Indian Birth Control, Neo-Malthiusianism and Eugenics

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Feb. 10, 2011, 10:57 a.m. (view history)

[30] Middle class male activists combined the two streams of neo-Malthusianism and eugenic thought and used them to "provide urgency to the cause of birth control."  Activists moved freely between the different movements. India's class and caste composition made the differential population something that eugenicists were interested in. [31]G. Alhuwalia wrote an essay in 1923 ("Indian Population Problem") that "the primary cause for India's poverty was 'thoughtless, irresponsible, and extensive breeding, particularly among the poor and middle classes.' The root cause for people's deprivation is population growth, made that much worse in his opinion. because of the eugenic composition of this population; he lamented that 'racial defects and poisons are multiplying from day to day. The physique of the people was surely deteriorating. The tall, stout and strong is being fast replaced by persons lean, lanky, and bony.'" The pace  of the change meant that they needed to address it at once, by spreading knowledge of sex hygiene, eugenics, and birth control.  He was an alarmist who saw India as "a vast garden literally choked with weeds, fine roses being few and far between." 

[31] Pillay organized a Wives Clinic that offered advice on BC, VD, sterility, sex problems, marriage problems, heredity and eugenics. He thought that BC would prevent prostitution and promiscuity, reduce housing crush, overpopulation, destitution, and the need for charity. His Sholapur Eugenics Society pushed neo-Malthusian theory and birth control, unlike its London counterpart. In his "Eugenical Birth Control for India" published in BCR 1931, he disdained traditional charity, saying that the efforts of welfare workers "to keep alive all who were born were helping the unfit to survive." [quote from author, not Pillay]; he thought that they were not practicing philanthropy smart--they were preserving people who would leave behind "'tainted'" descendants. He wanted to prevent the unfit from having more children and encourage the fit to have more "'fit' and useful citizens."[32] He defined the unfit in  both physical and moral terms , ranking the foolish with the insane. Felt that a large number of unfit among the population did not fit with the idea of a nationalist movement--they were not the kind of citizens they could built a free and independent India on, so their fertility became a national issue.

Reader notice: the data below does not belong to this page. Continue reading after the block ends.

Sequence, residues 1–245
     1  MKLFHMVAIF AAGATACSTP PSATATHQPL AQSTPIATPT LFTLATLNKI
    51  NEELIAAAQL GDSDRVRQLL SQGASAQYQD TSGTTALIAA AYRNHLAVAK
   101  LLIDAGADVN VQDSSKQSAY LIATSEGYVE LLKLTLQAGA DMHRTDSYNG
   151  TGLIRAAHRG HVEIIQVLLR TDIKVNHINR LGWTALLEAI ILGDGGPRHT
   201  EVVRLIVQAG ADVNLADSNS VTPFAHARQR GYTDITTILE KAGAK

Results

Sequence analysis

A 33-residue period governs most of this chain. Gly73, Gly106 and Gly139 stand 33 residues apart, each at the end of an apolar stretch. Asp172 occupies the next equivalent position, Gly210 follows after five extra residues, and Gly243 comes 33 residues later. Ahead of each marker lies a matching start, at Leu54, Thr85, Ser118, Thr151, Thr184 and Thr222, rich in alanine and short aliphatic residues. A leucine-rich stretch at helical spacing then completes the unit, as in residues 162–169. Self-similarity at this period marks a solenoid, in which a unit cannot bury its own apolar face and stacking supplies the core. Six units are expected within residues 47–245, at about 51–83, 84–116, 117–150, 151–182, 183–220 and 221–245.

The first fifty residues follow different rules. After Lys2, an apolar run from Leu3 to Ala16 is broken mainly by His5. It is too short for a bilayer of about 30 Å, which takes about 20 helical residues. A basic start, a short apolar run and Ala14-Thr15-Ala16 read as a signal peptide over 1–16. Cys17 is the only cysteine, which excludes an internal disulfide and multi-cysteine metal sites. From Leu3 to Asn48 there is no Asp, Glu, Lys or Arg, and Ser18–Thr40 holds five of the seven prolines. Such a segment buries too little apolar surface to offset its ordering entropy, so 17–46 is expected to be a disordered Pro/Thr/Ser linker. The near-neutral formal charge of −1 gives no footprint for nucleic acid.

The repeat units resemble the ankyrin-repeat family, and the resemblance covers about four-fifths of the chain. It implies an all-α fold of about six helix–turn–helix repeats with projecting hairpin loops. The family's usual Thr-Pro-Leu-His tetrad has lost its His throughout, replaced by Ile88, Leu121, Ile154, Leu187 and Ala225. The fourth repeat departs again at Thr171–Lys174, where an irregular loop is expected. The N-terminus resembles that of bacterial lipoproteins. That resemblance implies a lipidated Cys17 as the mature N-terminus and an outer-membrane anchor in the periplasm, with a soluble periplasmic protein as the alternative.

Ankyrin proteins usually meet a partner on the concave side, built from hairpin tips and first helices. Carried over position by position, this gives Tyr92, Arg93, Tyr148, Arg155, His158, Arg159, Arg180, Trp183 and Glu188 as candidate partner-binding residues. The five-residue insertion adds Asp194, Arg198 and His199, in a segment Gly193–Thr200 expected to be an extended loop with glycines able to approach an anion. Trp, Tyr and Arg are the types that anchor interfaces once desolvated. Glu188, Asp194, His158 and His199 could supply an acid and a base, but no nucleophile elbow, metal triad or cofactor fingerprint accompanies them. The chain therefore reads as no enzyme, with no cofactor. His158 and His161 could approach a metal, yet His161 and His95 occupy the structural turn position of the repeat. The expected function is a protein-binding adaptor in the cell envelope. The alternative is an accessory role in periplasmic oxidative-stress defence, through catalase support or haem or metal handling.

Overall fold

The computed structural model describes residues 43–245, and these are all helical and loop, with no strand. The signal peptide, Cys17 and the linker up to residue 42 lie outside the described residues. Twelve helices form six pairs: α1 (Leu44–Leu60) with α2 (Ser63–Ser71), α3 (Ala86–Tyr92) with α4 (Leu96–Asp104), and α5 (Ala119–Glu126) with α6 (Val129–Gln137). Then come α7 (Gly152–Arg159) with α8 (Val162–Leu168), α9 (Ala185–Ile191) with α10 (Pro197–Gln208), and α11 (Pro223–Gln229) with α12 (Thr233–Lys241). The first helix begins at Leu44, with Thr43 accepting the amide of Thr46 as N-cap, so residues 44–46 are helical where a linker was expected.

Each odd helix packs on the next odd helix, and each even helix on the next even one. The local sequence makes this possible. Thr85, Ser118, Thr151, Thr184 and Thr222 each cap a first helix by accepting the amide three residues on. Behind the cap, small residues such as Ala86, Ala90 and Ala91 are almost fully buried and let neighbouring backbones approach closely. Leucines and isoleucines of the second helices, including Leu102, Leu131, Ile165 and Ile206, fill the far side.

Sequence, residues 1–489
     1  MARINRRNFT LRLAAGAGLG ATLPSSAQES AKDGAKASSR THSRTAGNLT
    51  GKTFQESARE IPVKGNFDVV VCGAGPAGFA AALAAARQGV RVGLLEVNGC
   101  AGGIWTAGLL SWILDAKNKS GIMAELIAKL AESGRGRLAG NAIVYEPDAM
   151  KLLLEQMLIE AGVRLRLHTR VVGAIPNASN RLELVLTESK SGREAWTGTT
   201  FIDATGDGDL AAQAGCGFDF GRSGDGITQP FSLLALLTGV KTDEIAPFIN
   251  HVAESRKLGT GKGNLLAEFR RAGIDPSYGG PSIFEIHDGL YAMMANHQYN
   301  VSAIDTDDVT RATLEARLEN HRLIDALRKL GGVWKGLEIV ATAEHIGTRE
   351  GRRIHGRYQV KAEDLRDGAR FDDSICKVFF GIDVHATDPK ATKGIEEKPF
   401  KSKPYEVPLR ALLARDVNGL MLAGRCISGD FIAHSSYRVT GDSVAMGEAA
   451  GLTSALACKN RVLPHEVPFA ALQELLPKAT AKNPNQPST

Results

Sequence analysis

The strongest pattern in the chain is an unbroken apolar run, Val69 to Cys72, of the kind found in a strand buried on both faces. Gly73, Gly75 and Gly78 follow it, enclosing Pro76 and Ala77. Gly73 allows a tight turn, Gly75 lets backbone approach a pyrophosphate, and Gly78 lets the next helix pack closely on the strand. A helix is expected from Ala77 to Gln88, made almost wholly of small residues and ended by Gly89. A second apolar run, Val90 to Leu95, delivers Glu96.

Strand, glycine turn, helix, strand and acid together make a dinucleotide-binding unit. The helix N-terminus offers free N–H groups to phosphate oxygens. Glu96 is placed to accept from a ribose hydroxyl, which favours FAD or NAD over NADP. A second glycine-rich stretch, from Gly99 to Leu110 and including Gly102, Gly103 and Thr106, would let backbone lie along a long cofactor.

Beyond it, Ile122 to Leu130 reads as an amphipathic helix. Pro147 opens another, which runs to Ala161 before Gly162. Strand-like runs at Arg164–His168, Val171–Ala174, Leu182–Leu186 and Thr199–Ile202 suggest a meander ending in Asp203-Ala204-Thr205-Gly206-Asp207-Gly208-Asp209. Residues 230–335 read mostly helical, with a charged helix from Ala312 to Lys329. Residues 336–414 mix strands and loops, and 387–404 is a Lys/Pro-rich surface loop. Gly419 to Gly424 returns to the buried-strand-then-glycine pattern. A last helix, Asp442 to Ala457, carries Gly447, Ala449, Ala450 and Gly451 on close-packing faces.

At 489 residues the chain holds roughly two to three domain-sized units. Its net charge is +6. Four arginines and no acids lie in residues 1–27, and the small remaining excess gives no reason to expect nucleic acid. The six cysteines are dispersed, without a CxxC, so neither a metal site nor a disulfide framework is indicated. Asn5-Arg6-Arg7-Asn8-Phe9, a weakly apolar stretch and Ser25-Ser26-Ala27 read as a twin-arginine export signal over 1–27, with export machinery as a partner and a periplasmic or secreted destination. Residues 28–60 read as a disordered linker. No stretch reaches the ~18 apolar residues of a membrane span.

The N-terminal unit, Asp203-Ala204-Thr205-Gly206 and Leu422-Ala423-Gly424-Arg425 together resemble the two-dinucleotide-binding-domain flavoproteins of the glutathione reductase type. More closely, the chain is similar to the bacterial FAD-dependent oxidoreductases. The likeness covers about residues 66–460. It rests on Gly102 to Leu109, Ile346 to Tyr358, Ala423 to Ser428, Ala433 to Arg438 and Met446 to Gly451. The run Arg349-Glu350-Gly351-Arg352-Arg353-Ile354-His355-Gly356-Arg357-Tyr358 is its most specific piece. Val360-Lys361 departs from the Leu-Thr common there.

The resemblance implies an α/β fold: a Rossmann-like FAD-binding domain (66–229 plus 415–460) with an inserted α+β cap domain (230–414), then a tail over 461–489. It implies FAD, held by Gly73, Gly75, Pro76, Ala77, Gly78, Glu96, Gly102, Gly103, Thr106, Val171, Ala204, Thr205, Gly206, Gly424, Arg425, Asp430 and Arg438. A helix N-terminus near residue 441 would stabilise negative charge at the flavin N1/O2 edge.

[32] Most of the arguments for BC were not made for indivdual's reasons, not for equal access to knowledge, or economic opportunities. Phadke, though he stressed a more environmental approach, thought that Indians needed  to improve, to become physically stronger, so that they could participate in its uplift. In a combination of eugenic and Malthusian ideas, he wanted to use birth control to improve Indian physiques. Women's job was to conceive and raise healthy sons for the nation. "the mother is the root source of the strength or weakness of the race."  Unlike other eugenicists, in 1927, Phadke argued that India's population problems were so significant that he thought that both the fit and unfit ought to [33] limit their families, because any increase in the population would be damaging to the country. Phadke argued that eugenics was indigenous to India, not a Western import, and used figures from Indian history to trace its progress. It was important for men like Phadke, involved in Gandhi's movement to boycott foreign ideas and goods.

[33] Ahluwalia says that in the 1920-30's overpopulation became "a culturally constructed problem that led to an increasing concern with managing reproduction; reproduction was now understood to have important consequences for the well-being of the country. Conjugal sexuality was no longer regarded as merely belonging to the 'private sphere'; instead it was viewed as directly impacting the public life and prosperity of the nation."

[34] Using Debendra Nath Ghose, she demonstrates how the middle class eugenicists bought into the traditional Malthusian position on charity, blaming the poor for their state, and asserting that the middle class or society had the right to interverne in the lives of the poor because of it. Ghose supported forced family limitation and forced work for "hopeless destitutes" which would then be turned into productive members of society. "The middle-class birth control advocates exhibited an apathy toward the plight of subaltern groups and sought mainly to safeguard the values and interests of their own class.